Building a Socially Strong Classroom

Aimee Currier 


A few years into my time as a Kindergarten teacher, I realized it was becoming increasingly difficult to maintain order in my classroom. In taking a deeper look at the day-to-day activities, I came to the realization that the children in the class were struggling with some basic social-emotional skills. This was causing disruption, preventing me from teaching, and preventing much of the class from learning. Some of the struggles the children were facing, and the solutions I came up with, follow.  

Tattling: The children in the room were repeatedly approaching me with “tattles.” This was something that took a while, but I decided that it was important to teach the children the difference between “tattling” and “telling.” I used conversations and role playing to regularly work on demonstrating the difference between the two. One big emphasis was on stopping and asking, “why am I telling my teacher this?” They slowly began to realize the difference between trying to help and trying to get someone in trouble. They eventually learned that someone scribbling on their paper was a lot different than someone about to jump off a chair. We also worked on appropriate ways the children could express themselves if someone hurt their feelings. 

Sharing and taking turns: You’ve likely been given the advice of having multiples of popular games and toys in your classroom. This is great advice and can be helpful. Realistically, unless you are equipped with 20 jump ropes or 15 sets of magnetic blocks, you’re still going to run into times when the children must take turns. Such was the case for me. The magnetic blocks in the classroom were a favorite among all the children in the class. There were plenty to go around, but if they all were using them at the same time, they couldn’t really build significant structures (and they loved trying to build towers taller than each other). For this and other popular items and activities, I implemented a sign-up sheet. This served a few purposes, including name writing and recognition. On a social level, it taught the children that sometimes we must take some time to wait and let others finish before it’s our turn. (Trust me. This is a skill that will come in handy in adulthood).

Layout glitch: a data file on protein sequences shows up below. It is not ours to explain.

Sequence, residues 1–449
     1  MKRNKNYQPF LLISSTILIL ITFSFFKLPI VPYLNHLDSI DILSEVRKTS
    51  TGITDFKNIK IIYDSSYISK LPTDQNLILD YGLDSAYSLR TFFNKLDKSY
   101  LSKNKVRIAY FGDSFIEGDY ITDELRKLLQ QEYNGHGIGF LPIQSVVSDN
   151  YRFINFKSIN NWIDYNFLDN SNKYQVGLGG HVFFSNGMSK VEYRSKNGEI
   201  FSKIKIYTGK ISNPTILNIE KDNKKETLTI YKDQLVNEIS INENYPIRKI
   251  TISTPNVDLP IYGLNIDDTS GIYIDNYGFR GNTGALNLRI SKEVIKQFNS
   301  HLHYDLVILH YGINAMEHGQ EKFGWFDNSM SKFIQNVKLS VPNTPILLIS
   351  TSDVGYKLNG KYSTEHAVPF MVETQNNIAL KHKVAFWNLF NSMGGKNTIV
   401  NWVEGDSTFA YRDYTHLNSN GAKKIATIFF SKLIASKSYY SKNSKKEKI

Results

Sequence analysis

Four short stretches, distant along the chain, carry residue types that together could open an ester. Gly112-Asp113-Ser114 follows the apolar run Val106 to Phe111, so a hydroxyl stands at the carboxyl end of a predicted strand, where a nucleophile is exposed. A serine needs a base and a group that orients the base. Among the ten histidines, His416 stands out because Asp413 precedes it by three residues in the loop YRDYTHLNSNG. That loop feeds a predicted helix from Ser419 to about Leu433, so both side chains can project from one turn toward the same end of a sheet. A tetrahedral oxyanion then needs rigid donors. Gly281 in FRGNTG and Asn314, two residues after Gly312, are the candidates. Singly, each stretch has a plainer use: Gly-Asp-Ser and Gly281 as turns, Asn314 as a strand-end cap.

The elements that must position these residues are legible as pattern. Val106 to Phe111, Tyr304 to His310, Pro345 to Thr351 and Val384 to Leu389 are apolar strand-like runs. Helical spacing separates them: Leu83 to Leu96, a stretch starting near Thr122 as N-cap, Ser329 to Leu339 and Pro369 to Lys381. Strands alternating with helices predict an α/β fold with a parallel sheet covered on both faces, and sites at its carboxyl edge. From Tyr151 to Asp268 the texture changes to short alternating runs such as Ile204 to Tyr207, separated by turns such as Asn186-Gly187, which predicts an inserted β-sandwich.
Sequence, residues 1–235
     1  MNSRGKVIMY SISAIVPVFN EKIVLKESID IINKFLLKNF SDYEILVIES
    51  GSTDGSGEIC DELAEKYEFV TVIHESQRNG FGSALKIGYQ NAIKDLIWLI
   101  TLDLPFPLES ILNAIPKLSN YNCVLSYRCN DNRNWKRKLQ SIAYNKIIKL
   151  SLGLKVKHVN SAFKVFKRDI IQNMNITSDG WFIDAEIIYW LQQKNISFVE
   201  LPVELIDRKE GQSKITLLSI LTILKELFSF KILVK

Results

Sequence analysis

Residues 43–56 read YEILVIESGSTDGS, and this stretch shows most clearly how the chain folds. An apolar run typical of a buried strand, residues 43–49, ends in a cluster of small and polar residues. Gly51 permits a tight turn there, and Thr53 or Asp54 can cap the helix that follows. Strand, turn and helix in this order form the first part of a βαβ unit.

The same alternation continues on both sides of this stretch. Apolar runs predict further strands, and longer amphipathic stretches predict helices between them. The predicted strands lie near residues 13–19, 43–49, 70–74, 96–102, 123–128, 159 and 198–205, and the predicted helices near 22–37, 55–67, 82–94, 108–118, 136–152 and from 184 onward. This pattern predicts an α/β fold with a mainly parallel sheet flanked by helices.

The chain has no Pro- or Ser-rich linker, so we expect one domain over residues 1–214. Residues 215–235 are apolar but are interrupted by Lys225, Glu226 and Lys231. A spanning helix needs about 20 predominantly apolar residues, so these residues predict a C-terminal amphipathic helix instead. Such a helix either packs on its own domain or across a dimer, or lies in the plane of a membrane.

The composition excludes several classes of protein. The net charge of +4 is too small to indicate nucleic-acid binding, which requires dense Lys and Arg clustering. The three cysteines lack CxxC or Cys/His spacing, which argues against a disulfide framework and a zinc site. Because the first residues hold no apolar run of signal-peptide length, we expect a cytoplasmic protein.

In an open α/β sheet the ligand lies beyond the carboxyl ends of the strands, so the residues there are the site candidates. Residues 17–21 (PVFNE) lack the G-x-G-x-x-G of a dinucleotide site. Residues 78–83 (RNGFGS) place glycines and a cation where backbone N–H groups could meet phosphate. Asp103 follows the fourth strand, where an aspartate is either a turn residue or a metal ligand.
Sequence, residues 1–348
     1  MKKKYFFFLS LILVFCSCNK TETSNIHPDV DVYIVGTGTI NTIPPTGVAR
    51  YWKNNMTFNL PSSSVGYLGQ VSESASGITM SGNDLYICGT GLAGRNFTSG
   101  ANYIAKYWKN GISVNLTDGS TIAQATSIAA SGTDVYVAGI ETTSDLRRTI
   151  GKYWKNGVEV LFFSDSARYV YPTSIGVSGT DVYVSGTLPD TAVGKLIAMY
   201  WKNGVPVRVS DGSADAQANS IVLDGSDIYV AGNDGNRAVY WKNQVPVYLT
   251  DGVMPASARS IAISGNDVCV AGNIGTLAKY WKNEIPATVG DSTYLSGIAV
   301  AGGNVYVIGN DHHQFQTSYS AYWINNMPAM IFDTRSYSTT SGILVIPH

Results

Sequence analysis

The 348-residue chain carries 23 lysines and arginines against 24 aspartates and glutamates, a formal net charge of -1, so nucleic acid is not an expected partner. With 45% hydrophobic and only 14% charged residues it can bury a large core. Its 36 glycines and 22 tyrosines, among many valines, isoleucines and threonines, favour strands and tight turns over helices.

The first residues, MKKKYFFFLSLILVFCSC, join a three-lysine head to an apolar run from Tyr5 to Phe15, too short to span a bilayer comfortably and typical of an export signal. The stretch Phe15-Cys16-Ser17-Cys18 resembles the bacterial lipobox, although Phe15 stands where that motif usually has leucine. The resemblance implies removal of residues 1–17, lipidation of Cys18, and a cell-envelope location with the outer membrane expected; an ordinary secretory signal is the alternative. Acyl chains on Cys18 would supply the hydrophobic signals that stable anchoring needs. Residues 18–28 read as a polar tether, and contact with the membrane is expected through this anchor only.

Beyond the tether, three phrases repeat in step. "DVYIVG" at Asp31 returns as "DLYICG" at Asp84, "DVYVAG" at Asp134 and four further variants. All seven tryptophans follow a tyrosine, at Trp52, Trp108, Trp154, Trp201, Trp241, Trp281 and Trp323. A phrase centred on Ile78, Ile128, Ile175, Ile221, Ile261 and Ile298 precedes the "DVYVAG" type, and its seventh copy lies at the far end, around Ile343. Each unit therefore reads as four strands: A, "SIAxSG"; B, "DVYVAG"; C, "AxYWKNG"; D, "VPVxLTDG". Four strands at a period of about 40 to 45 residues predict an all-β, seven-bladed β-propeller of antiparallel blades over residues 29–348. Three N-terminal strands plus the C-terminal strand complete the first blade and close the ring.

Sitting and attending: I noticed that the children really struggled during circle time and table work time. This was frustrating, as there was pressure to “prepare” the children for first grade. The schedule had the children going from sitting at circle time to go over calendar, letters, numbers, and other concepts to moving right to the tables to get started on their “work.” After the work was done, they would have structured play time, with a timer set so they knew when to “switch.” Once I evaluated the schedule and did some research, I realized there might be a more effective way to handle the day-to-day activities. I switched to a play-based way of approaching teaching and learning. Rather than setting out specific learning centers, I allowed the children to choose what they wanted to engage in. I provided enriching and engaging activities for children to do, while also providing the instruction they needed. I turned table work time into games whenever possible. The result? The children were eager to participate in the more structured activities because they knew it would be fun. As the year progressed, I was able to provide longer spans of instruction and increased time at the table working on writing and other motor skills.  

You may be wondering about structure. We talk a lot about making sure there is structure in our programs. Remember, structure doesn’t need to equal rigidity. The children in this class quickly learned the expectations and routines of the day. They always knew what came after each activity. As a result, when it came time to clean up (after a 5-minute warning), they were (mostly) happy to put their things away and move on to the next activity for the day. They had structure in the schedule, mixed with flexibility in their choices, and it was effective.  

These are just a few of the things that I did to make my classroom run more smoothly. We would love to hear what has worked for you. Feel free to comment below. 



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